It was Schumacher, Irvine and the rest of the Ferrari folk. Their own event had finished, and they were also looking for somewhere to go. We compared notes, and there was one answer – back to the hotel and we'll party there.
On arrival, we found that the bar was closed, and no amount of persuasion from the World Champion or the runner-up could convince the hotel manager to open it. Plan B soon emerged, which was for everyone to head to their rooms, empty their mini bars, and bring the spoils downstairs.
Soon a big marble table in the middle reception was covered in dozens of little bottles of vodka, whisky and gin, and our impromptu party began to get underway. Things soon turned a little unruly, so the manager changed his mind and opened up the bar – and since he didn't have anyone to run it, Villeneuve and Schumacher took over. I gave Schumacher a yellow JV wig that I had carefully stashed away, and he put it on.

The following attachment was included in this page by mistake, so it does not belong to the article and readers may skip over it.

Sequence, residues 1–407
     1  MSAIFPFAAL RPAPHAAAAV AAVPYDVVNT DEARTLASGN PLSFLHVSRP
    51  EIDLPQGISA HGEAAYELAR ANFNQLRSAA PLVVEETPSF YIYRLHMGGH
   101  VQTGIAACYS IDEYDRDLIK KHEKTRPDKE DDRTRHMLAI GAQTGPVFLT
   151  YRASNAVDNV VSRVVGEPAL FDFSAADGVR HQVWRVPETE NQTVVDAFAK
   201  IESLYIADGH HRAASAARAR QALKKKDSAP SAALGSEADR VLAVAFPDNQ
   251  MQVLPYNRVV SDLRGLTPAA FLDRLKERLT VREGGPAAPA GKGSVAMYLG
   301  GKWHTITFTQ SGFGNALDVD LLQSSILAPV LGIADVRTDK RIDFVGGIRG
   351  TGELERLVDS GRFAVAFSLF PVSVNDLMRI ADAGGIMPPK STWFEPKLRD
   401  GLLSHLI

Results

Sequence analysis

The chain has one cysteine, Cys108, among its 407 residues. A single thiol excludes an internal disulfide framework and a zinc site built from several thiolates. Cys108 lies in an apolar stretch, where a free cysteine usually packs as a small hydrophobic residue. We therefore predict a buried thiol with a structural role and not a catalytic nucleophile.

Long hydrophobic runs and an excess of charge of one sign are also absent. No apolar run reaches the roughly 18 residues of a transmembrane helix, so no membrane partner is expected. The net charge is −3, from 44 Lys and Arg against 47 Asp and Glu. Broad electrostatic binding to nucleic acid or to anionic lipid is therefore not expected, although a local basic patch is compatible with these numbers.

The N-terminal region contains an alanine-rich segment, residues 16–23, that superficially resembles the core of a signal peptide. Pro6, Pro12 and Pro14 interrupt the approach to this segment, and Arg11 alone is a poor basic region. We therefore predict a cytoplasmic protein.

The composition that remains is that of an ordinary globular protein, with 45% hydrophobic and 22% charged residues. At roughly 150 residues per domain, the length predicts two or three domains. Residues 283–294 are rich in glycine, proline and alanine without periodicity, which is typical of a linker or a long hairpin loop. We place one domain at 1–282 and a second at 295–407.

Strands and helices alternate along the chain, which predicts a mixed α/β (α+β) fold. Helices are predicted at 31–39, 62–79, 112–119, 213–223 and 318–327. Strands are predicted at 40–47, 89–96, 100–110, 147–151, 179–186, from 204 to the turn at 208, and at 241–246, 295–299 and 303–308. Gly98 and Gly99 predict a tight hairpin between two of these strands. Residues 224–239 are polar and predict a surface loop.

"There was 20 of us and we were making so much noise that someone finally gave us the keys of the bar and said it was OK, just go for it," says Villeneuve. "Someone must have paid for it! So they opened for the bar for us, but there wasn't any barman, it was just us, running it. It was brilliant."
Then it became a proper party. Irvine fetched an acoustic guitar from his room and tried to play a few tunes – the intro of Pink Floyd's Wish You Were Here was about his limit – while Schumacher's physio turned some bins upside down to provide bongo accompaniment.